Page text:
Ross O’Carroll-Kelly: I’m like Cersei Lannister – refusing to leave the throne

First day of the Leaving Cert. My hands shake like the old dear’s when I hide the corkscrews

 

It’s finally here. The first day of the Leaving Cert. And the nerves have well and truly got to me. I’m staring at the bathroom floor, doubled over with stomach cramps. I should be in the cor by now, halfway to school. But I’m like Cersei Lannister – refusing to leave the throne.

Honor hammers the door with her hand. She’s like, “Dad, you’re being stupid!”

“Stupid is who I am,” I go. “Stupid is who I’ve always been? You need, like, proper smorts to pass the Leaving Cert.”

Honor’s like, “No, you don’t – it’s just a remembering-things competition.”

“You’re only saying that because I promised you 30 grand if you could help me pass it.”

“Er, you actually promised me 50 grand?”

“You see? I can’t even remember that. Basic, basic maths.”

“Dad, you’re spiralling now.”

I stand up and I take a long, hord look at myself in the mirror. All of the colour has drained from my face and I’ve got, like, sweat seeping out of every pore. At the same time, my hands are trembling, like my old dear’s do when I go to her gaff and hide all the corkscrews for a laugh.

“Dad,” Honor goes, “we’ve put – oh my God – so much work into this. We’re talking, like, hundreds and hundreds of hours.”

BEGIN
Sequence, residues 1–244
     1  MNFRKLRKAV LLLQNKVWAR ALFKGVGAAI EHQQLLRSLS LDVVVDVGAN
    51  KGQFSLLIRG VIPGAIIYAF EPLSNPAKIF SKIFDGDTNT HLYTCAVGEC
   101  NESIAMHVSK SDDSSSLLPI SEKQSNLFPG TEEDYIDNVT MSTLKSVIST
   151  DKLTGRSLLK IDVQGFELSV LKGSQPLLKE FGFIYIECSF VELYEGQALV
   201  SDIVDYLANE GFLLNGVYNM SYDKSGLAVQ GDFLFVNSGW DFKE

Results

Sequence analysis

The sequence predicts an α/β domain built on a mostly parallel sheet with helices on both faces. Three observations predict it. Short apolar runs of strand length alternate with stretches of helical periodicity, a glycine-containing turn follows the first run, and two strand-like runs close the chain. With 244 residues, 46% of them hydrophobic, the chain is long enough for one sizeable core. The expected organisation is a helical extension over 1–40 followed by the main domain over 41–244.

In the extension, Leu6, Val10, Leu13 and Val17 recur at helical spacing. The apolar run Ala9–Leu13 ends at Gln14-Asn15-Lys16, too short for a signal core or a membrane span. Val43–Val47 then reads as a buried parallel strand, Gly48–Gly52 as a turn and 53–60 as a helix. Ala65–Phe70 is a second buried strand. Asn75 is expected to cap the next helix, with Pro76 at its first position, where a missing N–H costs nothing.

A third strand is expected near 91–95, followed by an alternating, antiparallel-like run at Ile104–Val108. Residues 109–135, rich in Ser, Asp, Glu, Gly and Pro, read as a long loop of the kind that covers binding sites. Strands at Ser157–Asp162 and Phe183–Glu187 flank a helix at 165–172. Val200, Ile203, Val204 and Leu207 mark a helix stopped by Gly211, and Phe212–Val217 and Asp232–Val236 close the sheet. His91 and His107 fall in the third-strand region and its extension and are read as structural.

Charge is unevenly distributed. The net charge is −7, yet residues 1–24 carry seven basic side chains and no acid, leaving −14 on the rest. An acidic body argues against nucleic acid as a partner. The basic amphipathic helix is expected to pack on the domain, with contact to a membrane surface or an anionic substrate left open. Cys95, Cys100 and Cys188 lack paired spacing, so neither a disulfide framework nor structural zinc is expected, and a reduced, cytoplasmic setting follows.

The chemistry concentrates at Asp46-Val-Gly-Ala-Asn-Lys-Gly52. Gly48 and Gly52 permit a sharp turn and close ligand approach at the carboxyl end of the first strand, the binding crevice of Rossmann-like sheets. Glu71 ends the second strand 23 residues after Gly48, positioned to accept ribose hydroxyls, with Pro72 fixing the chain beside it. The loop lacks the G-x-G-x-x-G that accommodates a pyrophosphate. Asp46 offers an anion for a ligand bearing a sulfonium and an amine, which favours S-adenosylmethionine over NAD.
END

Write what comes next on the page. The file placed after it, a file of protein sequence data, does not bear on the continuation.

I’m there, “And I’m grateful to you for home-schooling me, Honor. But I was crazy to think I could pass this thing.”

Suddenly, I hear his voice outside on the landing – as in, like, my old man’s?

“Step aside, Honor!” he goes. “Leave this to Chorles!”

I’m there, “You’re not going to persuade me to go through with it, Dude.”

But he’s like, “I have absolutely no intention of doing so. I’m sliding a piece of paper underneath the door, Ross.”

A sheet of A4 suddenly appears at my feet. I pick it up and give it the old left to right. It’s like, “English – H1. Irish – H1. Maths – H1 ...”

I’m like, “What the fock is this?”

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“Those are your grades,” he goes, “if you decide to not sit the exams and opt instead for predicted results.”

Honor’s like, “In other words, he’s bribed the school to give you maximum points for doing absolutely nothing.”

“I’ve offered them €2 million to build a new library,” the old man goes. “Only a cynic would see it as a bribe.”

“Fye-sicks?” I go, still staring at the page. “What the fock is fye-sicks? I don’t do fye-sicks!”

“It’s physics,” Honor goes. “And, yes, you do. Do you remember we learned about weight and mass and temperature and momentum?”

The old man goes, “Stop, Honor! His brain will overheat! Take the predicted grades, Kicker! It adds up to 700 points – in case you’re struggling with the maths!”

Honor’s there, “Dad, I remember when I was, like, eight years old and it was, like, sports day in Mount Anville. I was entered in the sack race, but I didn’t want to do it – not because I was nervous, but because they couldn’t get a headline sponsor and there was no cash prize. And you said something to me that I’ve, like, never forgotten?”